Living in the UAE you will find yourself in one of the seven states (or emirates), which were formerly independent sheikdoms: Abu Dhabi, Dubai, Sharjah, Ajman, Umm Al-Qaiwain, Ras Al-Khaimah or Fujairah. Approximately 90% of the country consists of a desert terrain and mountainous terrain.
The UAE is a thriving part of the world that is playing an increasingly significant role in both international business and tourism. In some countries within the region, such as Dubai and Abu Dhabi significant investment has been made into the infrastructure and opulent skyscrapers and hotels now characterize these areas.
The United Arab Emirates as an Expat Destination
The UAE has a very significant expat community, which makes up for almost 50% of the total population. Of the people living in the UAE a vast majority (95%) are Muslim. The majority of expats are drawn here as a result of the tax-free lifestyle on offer and for those on an international wage the standard of living is very high. Private education facilities, fantastic shopping and numerous entertainment options make this an interesting and enjoyable place in which to raise your family.
Cost of Living in The UAE
Last year saw a dramatic decrease in the cost of living in many cities in the UAE and in the 2012 Mercer cost of living survey no cities in the UAE featured in the top ten most expensive cities in which to live; Abu Dhabi (76) overtook Dubai (94) in the rankings and became the most expensive city in the United Arab Emirates.
Why do you like to live in the UAE?
One of the biggest benefits to expatriates of living in Dubai is the low taxation and this has a positive impact on the cost of a number of items, including vehicles, electronic goods and local produce. Utilities are also slightly cheaper here than they are in many countries as a result of government subsidies on electricity, water and gas.
As with many cities, accommodation will represent the biggest cost that expatriates face but, according to Mercer, accommodation costs in the region are decreasing: “The trend of falling accommodation costs continues across the Middle East region, driving the cities down the ranking along with the cost of living for expats. Dubai in particular is witnessing a drastic reduction in accommodation costs as the supply of property keeps flooding the rental market.”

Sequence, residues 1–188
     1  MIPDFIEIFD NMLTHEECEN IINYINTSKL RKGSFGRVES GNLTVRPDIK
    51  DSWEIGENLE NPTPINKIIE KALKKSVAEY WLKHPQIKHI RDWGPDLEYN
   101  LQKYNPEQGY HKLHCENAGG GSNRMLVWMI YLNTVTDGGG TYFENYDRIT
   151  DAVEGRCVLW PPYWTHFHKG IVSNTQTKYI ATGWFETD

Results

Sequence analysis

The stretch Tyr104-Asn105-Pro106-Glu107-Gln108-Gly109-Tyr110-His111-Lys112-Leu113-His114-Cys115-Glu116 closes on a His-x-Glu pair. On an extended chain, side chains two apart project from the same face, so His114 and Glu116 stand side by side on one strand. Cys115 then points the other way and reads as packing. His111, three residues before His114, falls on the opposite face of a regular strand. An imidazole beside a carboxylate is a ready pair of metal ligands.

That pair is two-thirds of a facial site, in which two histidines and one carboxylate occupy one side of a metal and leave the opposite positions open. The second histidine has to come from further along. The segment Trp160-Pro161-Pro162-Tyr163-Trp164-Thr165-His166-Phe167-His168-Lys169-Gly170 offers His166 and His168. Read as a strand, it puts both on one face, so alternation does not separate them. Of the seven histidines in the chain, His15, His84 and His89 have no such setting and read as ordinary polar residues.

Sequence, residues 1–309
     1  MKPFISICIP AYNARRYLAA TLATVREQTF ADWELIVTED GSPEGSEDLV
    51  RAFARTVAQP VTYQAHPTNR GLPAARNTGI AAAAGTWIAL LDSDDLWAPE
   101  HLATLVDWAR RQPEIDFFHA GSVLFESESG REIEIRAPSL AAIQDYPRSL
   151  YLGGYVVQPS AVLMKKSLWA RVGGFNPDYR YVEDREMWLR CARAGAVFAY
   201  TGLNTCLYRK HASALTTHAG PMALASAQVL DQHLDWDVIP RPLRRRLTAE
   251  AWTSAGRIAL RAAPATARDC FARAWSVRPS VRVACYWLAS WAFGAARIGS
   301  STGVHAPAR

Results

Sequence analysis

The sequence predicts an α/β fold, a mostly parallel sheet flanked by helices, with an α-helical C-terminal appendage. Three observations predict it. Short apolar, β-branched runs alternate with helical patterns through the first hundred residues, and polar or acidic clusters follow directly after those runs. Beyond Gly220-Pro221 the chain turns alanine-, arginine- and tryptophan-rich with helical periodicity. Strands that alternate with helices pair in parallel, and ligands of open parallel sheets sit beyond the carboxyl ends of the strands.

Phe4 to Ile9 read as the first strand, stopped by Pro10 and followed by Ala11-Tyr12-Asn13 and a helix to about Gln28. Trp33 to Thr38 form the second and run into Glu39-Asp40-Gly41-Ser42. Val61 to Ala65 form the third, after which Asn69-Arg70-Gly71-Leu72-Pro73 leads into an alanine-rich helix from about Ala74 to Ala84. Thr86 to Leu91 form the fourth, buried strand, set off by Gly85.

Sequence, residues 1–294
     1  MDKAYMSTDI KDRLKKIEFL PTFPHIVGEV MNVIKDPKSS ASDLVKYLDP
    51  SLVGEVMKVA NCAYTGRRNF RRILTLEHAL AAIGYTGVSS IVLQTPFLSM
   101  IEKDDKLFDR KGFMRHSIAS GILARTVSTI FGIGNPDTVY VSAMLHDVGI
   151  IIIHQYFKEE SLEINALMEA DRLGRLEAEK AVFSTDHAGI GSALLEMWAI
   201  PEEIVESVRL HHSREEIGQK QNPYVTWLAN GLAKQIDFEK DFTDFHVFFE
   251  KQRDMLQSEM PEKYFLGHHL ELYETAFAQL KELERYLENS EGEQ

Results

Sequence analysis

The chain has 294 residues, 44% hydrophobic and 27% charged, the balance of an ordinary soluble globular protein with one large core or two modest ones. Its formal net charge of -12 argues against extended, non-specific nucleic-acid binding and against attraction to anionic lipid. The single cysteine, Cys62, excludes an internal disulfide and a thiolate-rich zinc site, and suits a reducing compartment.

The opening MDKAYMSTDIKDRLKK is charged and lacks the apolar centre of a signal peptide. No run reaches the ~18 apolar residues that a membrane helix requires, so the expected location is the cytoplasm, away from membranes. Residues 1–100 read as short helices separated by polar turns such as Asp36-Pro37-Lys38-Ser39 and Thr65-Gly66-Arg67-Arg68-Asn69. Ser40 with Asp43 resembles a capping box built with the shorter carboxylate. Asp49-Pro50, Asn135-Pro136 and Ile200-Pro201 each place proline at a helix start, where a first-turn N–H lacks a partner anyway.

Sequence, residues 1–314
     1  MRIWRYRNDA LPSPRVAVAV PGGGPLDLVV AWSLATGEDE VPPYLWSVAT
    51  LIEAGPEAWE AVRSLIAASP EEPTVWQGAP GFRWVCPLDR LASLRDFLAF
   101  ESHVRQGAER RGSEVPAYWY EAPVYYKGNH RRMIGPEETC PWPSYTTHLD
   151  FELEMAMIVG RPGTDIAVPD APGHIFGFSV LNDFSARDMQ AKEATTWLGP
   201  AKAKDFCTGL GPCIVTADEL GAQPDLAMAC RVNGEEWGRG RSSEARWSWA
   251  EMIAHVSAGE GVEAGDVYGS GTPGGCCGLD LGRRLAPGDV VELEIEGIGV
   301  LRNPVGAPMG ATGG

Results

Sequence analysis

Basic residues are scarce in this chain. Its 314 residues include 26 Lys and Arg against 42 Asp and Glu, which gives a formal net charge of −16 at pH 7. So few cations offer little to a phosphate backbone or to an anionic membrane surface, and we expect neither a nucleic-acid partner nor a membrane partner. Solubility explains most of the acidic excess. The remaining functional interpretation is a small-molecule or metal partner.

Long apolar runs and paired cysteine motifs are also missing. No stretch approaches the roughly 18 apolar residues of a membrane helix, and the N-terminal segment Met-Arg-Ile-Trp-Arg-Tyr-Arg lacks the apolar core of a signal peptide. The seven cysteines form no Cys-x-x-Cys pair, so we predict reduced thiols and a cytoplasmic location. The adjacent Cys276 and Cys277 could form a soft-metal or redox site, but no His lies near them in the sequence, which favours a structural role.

Expatriates living in the UAE who search out luxury goods or international brand names will also need to be prepared to pay higher prices for those items.
Our relocation guide contains detailed living costs across different types of lifestyles and living options. Because our guides are written by expats who live and work in the countries themselves, you can be assured that the information is accurate, reliable and up to date.
The official language of the UAE is Arabic but English is widely spoken and the majority of expats living in the UAE do not experience any difficulties communicating with the locals.
Sub-tropical and arid. Temperatures range from over 50 degrees C in summer (April to September) through to -15 degrees in the evenings. Sand storms occasionally occur.
Living in The UAE: Expat Job and Career Opportunities
In recent years, through a program that is known as Emiratisation, the UAE government has placed significant pressure of companies to assist them to reduce unemployment amongst nationals. This has led to a reduction in opportunities for foreign workers and it can be very difficult to secure work. The majority of expats who are based here are on international contracts that were secured whilst in their home countries.
Key Facts Every Expat Should Know before moving to The UAE
- If you hold an Israeli passport or if your passport has entry/exit stamps from Israel, you will probably not be permitted to enter any UAE country.
- Before moving to the UAE, a permit is necessary for the purchase of alcohol from registered vendors. No alcohol at all is permitted in the Emirate of Sharjah.
- There is no free state education for those living in the UAE who are not UAE nationals.
- Many rental accommodation contracts are for at least one year and many landlords will request that the full year’s rent is paid in advance. If you leave the country before the end of the year the likelihood is that you will not get the money back.
- If anyone in the UAE requests to keep your passport, e.g. a hotel or your company, you should always say no. They don’t have the authority by law to keep possession of your passport.
Life in The UAE: City Guides
Expat Info Desk currently has a city guide available for living in Dubai. This exhaustive guide contains everything you need to know about before moving to the UAE and will assist you to:
- relocate efficiently and effectively with minimum stress.
- settle in to your new life quickly and easily and find the help and assistance you need, when you need it.
- identify areas to live in that suit your lifestyle and budget.
- find the right places to meet like-minded people.
- find schools that are suitable for your children and their learning needs.
- ensure that your family get the most of their experiences abroad.
- prepare for the new culture in advance and avoid any cultural traps.
- deal with any transition challenges.
- cut through red tape and avoid unnecessary bureaucracy.
Unlike a book, the guides are regularly reviewed and updated in order to ensure that the information is accurate and reliable and because the guides are written by real expats who live and work in Dubai, you can be assured that you are accessing the information that you need as written by people who really are in the know.